US Foreign Policy


Did Trump offer Putin sanctions relief?

PUBLISHED February 16, 2017
separate images of presidents trump and putin

Gen. Michael Flynn was the first sacrificial lamb of the Trump administration. But behind the gory details of this scandal, there lies a question which nobody seems to be asking: how much of Gen. Flynn’s actions did President-elect Trump know about, and when?

Let us quickly recap the situation: at the end of December, President Obama put another layer of sanctions on Russia for its meddling in the US election – a charge that Russia denies, but for which there is as good corroborating evidence coming out of the US intelligence community as you can hope for. On the very same day that the sanctions were announced, it later emerged, Gen. Flynn had been on the phone with the Russian ambassador in Washington no fewer than five times.

Coincidentally or not, Russia then did not retaliate to the new sanctions. This is completely out of character for the Russians. And Gen. Flynn had since been appointed National Security Adviser to the President, when President Trump moved into the White House.

Gen. Flynn has previously denied the phone calls. Then he admitted that some phone calls happened, but denied their content. Unfortunately for Gen. Flynn, the ambassador’s phone was, naturally, tapped by the American intelligence agencies and the transcript of the exact content of the calls emerged.

Gen. Flynn did not, strictly speaking, “negotiate” with the Russians to not retaliate to the sanctions. Rather, he just gave every assurance that relations between the United States and Russia would be very different once Donald Trump took office. Which is to say that President Obama’s sanctions would be pointless, and they would not warrant a diplomatic response.

Critical issues

These events raise several critical issues. First, Gen. Flynn communicated with a foreign power on matters of US foreign policy without any authorization by the acting executive of the United States. This is illegal according to the Logan Act (1799), which prohibits citizens to negotiate on behalf of the United States with foreign powers without authorization.

The likelihood that Gen. Flynn will be prosecuted for this is negligible, not least because nobody has ever been prosecuted under the Act, but through his behaviour, Gen. Flynn had painted big crosshairs on his head for the Democratic opposition to the Trump administration, and thus became baggage for Trump.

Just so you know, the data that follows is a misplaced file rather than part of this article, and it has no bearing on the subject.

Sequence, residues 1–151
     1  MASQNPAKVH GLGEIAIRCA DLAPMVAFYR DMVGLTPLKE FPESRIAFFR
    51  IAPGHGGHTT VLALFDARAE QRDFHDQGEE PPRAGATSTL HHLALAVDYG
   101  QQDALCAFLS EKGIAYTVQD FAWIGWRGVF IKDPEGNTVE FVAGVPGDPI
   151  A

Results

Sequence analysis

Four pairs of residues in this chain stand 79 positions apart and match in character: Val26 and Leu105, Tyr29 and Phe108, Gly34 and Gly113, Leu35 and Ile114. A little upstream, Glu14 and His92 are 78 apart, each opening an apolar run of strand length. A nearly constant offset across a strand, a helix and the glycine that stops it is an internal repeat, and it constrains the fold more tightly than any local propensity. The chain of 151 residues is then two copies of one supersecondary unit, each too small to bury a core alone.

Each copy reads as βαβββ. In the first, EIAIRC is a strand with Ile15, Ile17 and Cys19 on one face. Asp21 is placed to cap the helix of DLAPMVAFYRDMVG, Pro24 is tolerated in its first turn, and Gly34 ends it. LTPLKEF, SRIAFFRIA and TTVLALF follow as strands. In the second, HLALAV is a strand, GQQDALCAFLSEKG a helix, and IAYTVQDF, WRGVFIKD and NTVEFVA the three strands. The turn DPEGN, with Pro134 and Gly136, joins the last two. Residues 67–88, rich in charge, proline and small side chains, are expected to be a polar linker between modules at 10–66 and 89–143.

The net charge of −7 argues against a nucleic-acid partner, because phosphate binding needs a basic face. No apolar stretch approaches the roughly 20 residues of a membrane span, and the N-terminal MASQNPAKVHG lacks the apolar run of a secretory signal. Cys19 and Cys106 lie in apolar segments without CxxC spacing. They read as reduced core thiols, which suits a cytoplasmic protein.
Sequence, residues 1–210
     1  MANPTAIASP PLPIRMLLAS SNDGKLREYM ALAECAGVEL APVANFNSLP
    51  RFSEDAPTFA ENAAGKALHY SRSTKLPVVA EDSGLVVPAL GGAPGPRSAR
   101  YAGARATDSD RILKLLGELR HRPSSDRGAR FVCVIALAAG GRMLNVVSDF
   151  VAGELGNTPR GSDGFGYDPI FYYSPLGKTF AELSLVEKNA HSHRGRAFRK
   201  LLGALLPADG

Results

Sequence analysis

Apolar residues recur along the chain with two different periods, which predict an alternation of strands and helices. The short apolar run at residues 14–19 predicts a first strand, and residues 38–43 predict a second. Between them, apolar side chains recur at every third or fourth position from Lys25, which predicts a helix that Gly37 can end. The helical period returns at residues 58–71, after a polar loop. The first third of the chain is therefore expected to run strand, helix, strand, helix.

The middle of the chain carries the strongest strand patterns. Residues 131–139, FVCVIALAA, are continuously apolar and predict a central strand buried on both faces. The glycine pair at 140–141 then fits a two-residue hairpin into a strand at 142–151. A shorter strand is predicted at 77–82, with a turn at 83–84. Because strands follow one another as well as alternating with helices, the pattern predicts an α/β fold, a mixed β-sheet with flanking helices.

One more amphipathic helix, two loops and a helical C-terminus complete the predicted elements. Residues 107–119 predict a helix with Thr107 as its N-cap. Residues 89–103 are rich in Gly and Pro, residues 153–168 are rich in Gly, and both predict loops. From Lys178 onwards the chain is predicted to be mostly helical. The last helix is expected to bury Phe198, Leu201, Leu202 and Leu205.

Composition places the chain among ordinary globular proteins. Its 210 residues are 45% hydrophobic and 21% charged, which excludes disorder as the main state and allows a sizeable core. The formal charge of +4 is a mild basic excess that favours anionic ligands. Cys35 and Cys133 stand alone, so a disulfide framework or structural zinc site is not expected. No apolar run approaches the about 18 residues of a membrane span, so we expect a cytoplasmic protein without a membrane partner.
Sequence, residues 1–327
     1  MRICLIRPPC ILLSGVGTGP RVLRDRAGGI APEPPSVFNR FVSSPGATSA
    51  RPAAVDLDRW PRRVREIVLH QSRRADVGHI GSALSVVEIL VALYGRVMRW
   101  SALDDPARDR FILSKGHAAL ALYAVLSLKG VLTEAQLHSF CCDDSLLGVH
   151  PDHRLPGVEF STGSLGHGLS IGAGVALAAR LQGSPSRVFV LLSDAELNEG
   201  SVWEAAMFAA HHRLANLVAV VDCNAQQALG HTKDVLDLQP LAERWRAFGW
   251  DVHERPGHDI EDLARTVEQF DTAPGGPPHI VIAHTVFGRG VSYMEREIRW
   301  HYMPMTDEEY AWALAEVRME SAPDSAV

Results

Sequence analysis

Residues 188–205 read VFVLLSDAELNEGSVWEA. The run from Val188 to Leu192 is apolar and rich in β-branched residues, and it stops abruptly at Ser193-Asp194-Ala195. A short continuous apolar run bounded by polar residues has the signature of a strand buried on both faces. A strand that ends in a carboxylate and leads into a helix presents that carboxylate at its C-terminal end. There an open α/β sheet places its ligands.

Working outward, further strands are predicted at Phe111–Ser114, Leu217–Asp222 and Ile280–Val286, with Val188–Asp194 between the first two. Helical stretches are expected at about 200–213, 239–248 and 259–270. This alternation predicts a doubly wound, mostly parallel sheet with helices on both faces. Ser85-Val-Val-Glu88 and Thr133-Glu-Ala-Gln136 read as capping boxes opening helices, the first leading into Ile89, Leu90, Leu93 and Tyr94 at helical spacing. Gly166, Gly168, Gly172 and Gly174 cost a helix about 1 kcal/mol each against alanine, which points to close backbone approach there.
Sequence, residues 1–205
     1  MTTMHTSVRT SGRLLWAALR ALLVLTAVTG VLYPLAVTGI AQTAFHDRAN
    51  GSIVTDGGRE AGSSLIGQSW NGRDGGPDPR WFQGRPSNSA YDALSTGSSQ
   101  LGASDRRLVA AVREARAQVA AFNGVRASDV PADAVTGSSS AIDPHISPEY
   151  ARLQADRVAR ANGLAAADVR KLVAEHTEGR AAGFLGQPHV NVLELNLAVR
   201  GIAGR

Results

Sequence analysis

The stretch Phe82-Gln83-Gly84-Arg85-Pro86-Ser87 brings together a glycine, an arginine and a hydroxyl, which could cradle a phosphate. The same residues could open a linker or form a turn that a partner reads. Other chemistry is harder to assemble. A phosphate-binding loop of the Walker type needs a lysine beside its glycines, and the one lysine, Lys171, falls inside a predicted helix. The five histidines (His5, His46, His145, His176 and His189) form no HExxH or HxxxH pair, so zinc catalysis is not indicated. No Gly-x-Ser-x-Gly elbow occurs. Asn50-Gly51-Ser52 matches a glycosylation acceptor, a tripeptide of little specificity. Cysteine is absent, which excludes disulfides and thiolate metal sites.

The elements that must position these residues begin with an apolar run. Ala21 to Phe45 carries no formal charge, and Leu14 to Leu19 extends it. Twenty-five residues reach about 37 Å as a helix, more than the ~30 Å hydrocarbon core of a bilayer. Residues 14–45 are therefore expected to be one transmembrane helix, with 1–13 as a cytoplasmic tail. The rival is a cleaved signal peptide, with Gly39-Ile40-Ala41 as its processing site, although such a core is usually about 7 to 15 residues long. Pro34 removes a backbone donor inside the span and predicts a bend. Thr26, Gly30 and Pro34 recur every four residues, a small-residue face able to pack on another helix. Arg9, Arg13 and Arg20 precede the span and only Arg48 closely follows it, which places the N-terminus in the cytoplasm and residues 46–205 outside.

Though to be fair, Gen. Flynn should be thankful for being relieved of his duties, because much of the heat will not be taken off him, as it moves on to the other catastrophe-prone members of the presidential team.

Secondly, and a point that should not be overlooked, Gen. Flynn briefed in direct opposition to the acting Commander-in-Chief, and undermined the stated position of the Government of the United States. If he acted on his own, it was treason. Luckily for Gen. Flynn, he is retired and thus no longer a member of the military hierarchy, or he would have been lined up for court-martial.

Unconstitutional intervention?

But thirdly, what if Gen. Flynn did this at the behest of the President-elect Trump? If President-elect Trump directed Gen. Flynn to speak to the Russians, then this was an unconstitutional intervention from the incoming President. In the words of Chris Christie, “the United States only has one President at a time”.

This would be instant grounds for impeachment. And one suspects that if the President had been a Democrat, the impeachment hearings would have already started. But even if Trump only found about it later, it is unlikely that he only heard about it now. In all likelihood, he knew about this before the inauguration and proceeded to reward Gen. Flynn for his treason with the position of National Security Advisor.

It will be interesting to see what becomes of Gen. Flynn now that the ruse was discovered, and he no longer enjoys the protection of the President. Even more interesting will be what President Trump will do. Will he wash his hands off the situation and direct the Attorney General to prosecute Michael Flynn?

Can he still afford politically a thaw in relations with Russia which might indicate that he did, in fact, coordinate with the Russians before taking office? Whatever happens, I don’t imagine we’ve heard the last of this.
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Azeem Ibrahim is Senior Fellow at the Centre for Global Policy and Adjunct Research Professor at the Strategic Studies Institute, U.S. Army War College. He completed his Ph.D. from the University of Cambridge and served as an International Security Fellow at the Kennedy School of Government at Harvard and a World Fellow at Yale. Over the years he has met and advised numerous world leaders on policy development and was ranked as a Top 100 Global Thinker by the European Social Think Tank in 2010 and a Young Global Leader by the World Economic Forum. He tweets @AzeemIbrahim. This article originally appeared in Al Arabiya English.


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